Good morning, and welcome to the Essential California newsletter. It’s Wednesday, Aug. 14, and I’m writing from Los Angeles.
In an era of whiplash politics, California vs. Trump has become one of the most consistent political narratives of the past 2-1/2 years, as the state has filed lawsuit after lawsuit against the administration. Within the first year of Trump’s presidency, California Atty. Gen. Xavier Becerra had made a name for himself in the so-called Democratic resistance with his prolific legal challenges on federal actions. The lawsuits have targeted federal policy on immigration, healthcare, education and the environment, to name just a short few of the items on the laundry list.
“This isn’t a cold war. It’s a scorching hot war. And that’s politically expedient for both sides,” as law professor Jessica Levinson said in April 2018.
By mid-2018, the state had filed 38 lawsuits against the federal government.
By 2019, California had sued the administration more times than Texas took President Obama to court during his eight years in office. In May, California filed its 50th lawsuit against the Trump administration (this one disputed a union dues policy).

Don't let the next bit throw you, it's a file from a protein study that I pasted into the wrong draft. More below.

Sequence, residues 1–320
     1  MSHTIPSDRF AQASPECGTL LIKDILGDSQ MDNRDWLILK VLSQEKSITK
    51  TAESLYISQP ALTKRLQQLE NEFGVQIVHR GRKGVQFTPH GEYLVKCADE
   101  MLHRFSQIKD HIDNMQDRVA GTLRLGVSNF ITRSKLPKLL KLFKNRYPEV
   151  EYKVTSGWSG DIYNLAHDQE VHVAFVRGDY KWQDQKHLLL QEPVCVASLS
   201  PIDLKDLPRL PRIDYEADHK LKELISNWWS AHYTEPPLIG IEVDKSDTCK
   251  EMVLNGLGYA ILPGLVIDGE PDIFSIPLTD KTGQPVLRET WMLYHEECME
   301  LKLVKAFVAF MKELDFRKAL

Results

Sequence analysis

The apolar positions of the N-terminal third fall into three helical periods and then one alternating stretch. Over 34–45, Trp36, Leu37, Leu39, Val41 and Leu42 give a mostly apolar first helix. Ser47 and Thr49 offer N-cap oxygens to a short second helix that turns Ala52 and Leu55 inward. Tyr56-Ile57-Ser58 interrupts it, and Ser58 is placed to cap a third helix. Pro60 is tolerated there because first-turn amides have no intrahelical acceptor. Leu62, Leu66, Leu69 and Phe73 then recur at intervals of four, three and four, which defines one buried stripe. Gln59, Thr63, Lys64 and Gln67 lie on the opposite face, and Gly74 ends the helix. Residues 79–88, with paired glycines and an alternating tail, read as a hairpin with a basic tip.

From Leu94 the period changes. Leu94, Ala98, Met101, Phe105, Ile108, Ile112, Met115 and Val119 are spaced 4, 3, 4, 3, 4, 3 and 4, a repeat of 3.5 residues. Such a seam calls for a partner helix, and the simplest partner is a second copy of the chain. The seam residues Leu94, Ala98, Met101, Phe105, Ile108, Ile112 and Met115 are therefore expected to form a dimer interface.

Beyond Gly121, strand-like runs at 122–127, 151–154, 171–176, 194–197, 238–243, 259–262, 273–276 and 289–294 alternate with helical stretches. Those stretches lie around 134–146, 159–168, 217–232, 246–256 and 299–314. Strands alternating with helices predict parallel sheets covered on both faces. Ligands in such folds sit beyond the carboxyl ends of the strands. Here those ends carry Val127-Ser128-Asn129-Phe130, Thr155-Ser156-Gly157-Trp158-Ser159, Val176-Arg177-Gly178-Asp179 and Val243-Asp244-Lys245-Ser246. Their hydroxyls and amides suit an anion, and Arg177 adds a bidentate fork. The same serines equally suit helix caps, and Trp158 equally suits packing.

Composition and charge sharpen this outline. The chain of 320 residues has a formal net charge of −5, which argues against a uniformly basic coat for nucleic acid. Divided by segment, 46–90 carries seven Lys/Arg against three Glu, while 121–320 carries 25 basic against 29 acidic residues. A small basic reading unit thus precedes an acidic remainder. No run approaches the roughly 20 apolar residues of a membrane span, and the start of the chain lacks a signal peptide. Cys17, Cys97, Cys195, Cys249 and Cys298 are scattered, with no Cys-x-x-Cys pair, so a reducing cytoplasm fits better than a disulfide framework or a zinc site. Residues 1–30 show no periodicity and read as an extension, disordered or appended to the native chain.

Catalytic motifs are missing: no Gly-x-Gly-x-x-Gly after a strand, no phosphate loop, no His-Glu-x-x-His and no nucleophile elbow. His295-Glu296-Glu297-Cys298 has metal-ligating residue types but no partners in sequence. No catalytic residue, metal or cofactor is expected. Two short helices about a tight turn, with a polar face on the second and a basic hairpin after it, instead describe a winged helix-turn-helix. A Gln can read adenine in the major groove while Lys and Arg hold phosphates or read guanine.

And the multi-front legal battle goes both ways. As recently as last week, Trump and his 2020 reelection campaign filed a legal challenge against California’s first-in-the-nation law requiring presidential primary candidates to release their tax returns or be kept off the ballot.
[See also: “In California vs. Trump, the state is winning nearly all its environmental cases” in the Los Angeles Times]
On Tuesday, Becerra and Gov. Gavin Newsom announced the latest in the onslaught of litigation: California and a coalition of 21 other states are suing to block the Trump administration’s attempt to gut restrictions on coal-burning power plants, limits that were central to Obama’s climate change policy.
That same day, the first lawsuits were filed against the administration’s new “public charge” rule, which could deny green cards to immigrants on public assistance. But the litigant in that case wasn’t the state of California — it was two Bay Area counties, San Francisco and Santa Clara.
And now, here’s what’s happening across California: